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Results 1-7 of 7 for cannabis speaker:Ann Widdecombe

Oral Answers to Questions — Prime Minister: Cannabis (7 May 2008) has video

Ann Widdecombe: I very much welcome the Government's U-turn on this matter, but will the Home Secretary accept that the years between the downgrading of cannabis and today have been a wasted opportunity? Will she also accept that if she is concerned about enforcement, she should consider the possibility of fixed penalty fines, as they do not involve the police in all the hassle of cautions and court cases,...

Orders of the Day — Criminal Justice Bill (4 December 2002)

Miss Ann Widdecombe: offence of substantial possession in drugs cases. The arrestability for possession of drugs has been mentioned. My principal concern is that following the Home Secretary's decision to reclassify cannabis—I shall leave my strong disapproval of that to one side for a moment—someone who carries a substantial quantity of it can argue that it is for personal use only and is, for...

Drugs Strategy (10 July 2002)

Miss Ann Widdecombe: May I ask the Home Secretary what consideration he gave to creating an offence of substantial possession? If those in possession of cannabis will not now be arrested unless they deal to children or cause a public order offence, what will be the position of those in possession of substantial amounts of cannabis? Where the police do not have quite enough evidence to prove intent to supply and...

Criminal Justice and Court Services Bill (28 March 2000)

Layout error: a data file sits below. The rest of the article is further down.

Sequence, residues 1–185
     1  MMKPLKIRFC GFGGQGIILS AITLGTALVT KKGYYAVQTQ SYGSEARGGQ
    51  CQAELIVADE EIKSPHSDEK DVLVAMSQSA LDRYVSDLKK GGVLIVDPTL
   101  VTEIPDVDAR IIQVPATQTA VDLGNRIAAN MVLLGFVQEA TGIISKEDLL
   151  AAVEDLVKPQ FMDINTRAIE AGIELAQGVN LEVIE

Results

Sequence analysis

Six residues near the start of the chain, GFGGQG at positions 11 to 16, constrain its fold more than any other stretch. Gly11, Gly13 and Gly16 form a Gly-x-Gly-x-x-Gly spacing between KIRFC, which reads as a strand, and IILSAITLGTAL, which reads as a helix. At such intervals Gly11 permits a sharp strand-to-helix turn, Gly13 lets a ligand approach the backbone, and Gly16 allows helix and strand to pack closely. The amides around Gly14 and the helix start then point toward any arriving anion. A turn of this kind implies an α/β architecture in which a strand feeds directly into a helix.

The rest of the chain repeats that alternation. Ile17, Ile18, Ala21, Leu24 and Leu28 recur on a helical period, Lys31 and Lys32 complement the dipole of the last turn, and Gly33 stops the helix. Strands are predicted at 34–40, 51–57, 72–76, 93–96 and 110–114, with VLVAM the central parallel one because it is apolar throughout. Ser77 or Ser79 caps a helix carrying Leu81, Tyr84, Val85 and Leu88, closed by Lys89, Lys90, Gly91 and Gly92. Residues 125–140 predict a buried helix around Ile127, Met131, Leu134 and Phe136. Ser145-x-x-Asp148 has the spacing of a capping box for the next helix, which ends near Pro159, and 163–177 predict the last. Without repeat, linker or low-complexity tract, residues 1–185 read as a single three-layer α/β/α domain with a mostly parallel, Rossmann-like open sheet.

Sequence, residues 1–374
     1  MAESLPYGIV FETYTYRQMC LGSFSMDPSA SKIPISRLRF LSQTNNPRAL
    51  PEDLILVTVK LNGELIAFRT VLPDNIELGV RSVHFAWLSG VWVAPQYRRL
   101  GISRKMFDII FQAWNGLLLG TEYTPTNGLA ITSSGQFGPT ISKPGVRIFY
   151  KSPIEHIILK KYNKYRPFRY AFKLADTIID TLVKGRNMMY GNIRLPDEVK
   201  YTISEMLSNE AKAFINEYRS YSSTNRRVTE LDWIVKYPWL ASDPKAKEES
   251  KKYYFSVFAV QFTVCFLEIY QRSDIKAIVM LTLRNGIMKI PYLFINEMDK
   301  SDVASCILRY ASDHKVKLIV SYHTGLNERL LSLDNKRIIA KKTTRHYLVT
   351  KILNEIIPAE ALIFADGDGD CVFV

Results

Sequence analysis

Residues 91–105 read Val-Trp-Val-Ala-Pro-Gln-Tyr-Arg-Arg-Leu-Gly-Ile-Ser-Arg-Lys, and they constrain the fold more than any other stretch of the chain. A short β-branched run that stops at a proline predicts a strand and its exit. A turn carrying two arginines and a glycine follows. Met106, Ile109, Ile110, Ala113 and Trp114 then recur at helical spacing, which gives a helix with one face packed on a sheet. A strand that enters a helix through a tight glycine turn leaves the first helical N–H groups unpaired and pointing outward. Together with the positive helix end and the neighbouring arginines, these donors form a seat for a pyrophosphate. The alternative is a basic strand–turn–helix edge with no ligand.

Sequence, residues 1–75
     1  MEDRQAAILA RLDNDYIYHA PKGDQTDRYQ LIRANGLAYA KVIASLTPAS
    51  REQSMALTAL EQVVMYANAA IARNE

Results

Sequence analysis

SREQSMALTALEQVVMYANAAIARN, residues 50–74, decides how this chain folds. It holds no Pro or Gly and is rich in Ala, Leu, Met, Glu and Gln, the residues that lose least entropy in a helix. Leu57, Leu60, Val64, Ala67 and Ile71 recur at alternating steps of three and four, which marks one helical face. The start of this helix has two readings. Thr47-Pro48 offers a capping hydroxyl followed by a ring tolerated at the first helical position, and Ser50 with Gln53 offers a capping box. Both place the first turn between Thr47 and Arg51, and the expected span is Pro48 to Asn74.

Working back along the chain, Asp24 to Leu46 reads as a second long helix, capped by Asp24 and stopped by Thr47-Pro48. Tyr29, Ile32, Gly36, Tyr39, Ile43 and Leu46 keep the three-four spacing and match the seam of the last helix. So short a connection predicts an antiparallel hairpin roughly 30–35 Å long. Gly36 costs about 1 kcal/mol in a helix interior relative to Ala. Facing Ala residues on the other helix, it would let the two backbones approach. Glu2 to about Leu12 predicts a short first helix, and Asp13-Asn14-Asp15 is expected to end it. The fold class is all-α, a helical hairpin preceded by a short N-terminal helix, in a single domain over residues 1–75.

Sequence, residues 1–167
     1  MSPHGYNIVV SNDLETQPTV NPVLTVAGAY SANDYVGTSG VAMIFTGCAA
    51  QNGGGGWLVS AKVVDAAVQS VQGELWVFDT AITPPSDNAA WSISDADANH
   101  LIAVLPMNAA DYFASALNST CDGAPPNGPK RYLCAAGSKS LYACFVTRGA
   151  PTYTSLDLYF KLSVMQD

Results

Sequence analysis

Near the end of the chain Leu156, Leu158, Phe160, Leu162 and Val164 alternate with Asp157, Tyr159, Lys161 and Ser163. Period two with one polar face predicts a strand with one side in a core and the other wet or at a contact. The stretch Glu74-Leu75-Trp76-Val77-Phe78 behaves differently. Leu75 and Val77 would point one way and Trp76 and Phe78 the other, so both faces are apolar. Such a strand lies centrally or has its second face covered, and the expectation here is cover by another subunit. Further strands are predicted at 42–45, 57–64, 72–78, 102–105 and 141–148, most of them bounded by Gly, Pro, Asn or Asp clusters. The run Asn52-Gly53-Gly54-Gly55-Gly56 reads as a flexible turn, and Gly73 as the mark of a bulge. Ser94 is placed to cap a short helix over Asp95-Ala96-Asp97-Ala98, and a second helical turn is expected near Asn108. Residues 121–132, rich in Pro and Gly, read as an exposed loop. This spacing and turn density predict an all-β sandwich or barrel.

Miss Ann Widdecombe: ..., such as heroin and cocaine. Does that not, whether intentionally or unintentionally, send out yet another message that the Government have given up the war against class B drugs, in particular cannabis? What will happen to those who test positive for heroin or cocaine, but against whom the main charges are subsequently dropped? What action, if any, will be taken against them to address...

Orders of the Day — Wild Mammals (Hunting with Dogs) Bill (28 November 1997)

Miss Ann Widdecombe: ...that there must be consensus before we lock people up, that if there is a large body of opinion that says that something is okay, we must not lock up the practitioners. What about the legalisation of cannabis? A sizeable body of opinion, with which I am totally at odds, says that cannabis is all right. I defend to the hilt society's right to lock up the purveyors of cannabis. I defend also...

Oral Answers to Questions — Home Department: Prisons (Drugs) (20 March 1997)

Miss Ann Widdecombe: ...that of more than 32,000 prisoners tested between April and October 1996 under the random drug testing programme, between 20 per cent. and 25 per cent. tested positive. The vast majority were for cannabis. Further research is in hand to provide a more detailed picture.

Orders of the Day — Home Secretary (Prison Service) (19 October 1995)

Miss Ann Widdecombe: a prison that was undergoing major structural reorganisation. The governor also decided to reduce the amount available on phone cards, because he discovered that they were being used to pay for cannabis, heroin and syringes—to finance drugs, gambling, trade and debts. Then he went and doubled the allowance. How does that make for a responsible governor? How can a man who could...

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